Different Dialogues : Ms. Isobel Abulhoul

In conversation with Ms. Isobel Abulhoul.
Professional Background: Founder of Magrudy’s Bookstore, Dubai, UAE. Founder-Director of the Emirates Airline Festival of Literature, Dubai, UAE. Co-Host of the weekly radio programme Talking Of Books on 103.8 FM. Awarded the Cultural Personality of the Year by Dr. H. H. Sheikh Sultan Bin Mohammed Al Qasimi, the Ruler of Sharjah in 2010. An OBE by H. M. Queen Elizabeth of Great Britain in 2012.

The mid-June morning had a designation for me – that is, I was meeting up with Isobel Abulhoul, at her office in Al Bastakiya. In this historic district of Dubai, UAE, on the whole level, nothing has really changed in Al Bastakiya and it is not meant to change! Al Bastakiya’s construction dates back to the 1890’s, when it became an impressionable locality of rich merchants hailing from Bastak region of Iran. In those days, the wind towers known as bajreels, indicated the wealth and position of the owner. Now, Al Bastakiya has a small number of traditional shops and art galleries flocking close together, and all it requires is to take a rambling walk to enjoy their displays. Out here, there are also organizations which manage ideas linked with literature and cultural heritage of the land. For instance, Isobel Abulhoul has her office here. She, who founded and is the Director of the Emirates Airline Festival of Literature, leaves the everyday humdrum to come to Al Bastakiya to simply enjoy what she enjoys with unending passion: the vision of planning literary events in UAE.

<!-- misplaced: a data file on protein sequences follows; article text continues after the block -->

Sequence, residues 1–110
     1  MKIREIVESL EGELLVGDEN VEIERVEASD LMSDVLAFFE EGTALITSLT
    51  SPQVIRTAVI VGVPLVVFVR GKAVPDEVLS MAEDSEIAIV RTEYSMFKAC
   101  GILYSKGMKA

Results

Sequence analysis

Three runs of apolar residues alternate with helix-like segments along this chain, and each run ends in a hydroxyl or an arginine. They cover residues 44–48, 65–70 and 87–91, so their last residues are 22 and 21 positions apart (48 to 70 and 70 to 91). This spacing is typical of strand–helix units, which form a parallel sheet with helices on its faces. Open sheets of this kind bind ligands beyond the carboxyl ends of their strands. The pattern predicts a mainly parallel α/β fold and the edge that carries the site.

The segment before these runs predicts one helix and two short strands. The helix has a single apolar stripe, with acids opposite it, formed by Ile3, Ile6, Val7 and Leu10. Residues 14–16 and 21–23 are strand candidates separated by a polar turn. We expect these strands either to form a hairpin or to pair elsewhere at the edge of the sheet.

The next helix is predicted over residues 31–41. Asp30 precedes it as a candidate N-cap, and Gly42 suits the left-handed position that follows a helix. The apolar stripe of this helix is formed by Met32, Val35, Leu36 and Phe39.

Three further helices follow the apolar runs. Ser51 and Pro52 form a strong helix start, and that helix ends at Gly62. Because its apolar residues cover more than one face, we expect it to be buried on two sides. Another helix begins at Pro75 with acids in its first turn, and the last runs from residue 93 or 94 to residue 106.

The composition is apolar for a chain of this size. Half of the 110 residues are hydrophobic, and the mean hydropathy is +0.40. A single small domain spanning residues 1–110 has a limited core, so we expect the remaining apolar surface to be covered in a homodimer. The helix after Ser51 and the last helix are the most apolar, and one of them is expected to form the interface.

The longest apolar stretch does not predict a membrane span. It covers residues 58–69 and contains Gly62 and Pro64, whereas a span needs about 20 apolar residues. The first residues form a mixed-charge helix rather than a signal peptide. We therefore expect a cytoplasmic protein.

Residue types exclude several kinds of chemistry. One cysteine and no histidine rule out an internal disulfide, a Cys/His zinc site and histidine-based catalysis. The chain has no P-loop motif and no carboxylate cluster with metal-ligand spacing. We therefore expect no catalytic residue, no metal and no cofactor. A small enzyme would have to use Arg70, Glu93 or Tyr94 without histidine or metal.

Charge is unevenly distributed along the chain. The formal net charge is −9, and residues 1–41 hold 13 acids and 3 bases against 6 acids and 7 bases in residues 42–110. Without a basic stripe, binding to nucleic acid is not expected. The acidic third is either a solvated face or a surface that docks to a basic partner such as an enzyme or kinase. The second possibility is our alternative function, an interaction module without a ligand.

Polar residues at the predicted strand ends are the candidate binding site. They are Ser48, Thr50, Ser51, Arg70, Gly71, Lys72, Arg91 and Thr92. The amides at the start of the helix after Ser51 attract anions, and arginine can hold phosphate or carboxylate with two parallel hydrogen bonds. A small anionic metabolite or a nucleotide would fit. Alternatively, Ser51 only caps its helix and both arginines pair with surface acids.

As I alighted from my car, a narrow, not-so-winding lane brought me to the door of Isobel Abulhoul’s work place. An unknown man in the vicinity was generous enough to show me right up to the door of my destination. I stepped into a courtyard space matching the features of the surrounding buildings. I was welcomed into a room that had the effectiveness to display the character of its erstwhile era. The air-conditioned room was complacently simple and neat. The flavour of true knowledge was displayed in the form of books standing on shelves. Wuthering Heights by Emily Bronte, At Home by Bill Bryson, Crash of the Titans by Greg Farrell, Blue Heaven by C. J. Box remained obvious to my notice. Posters of TAALEEM – Poetry Award Competition and LitFest (bringing students of all ages to enter) drew my attention even more – while I waited for Isobel Abulhoul. I was also thinking how in a way, the aura of the room inter-related to offer me an introduction to Isobel, and her dedicated vocation.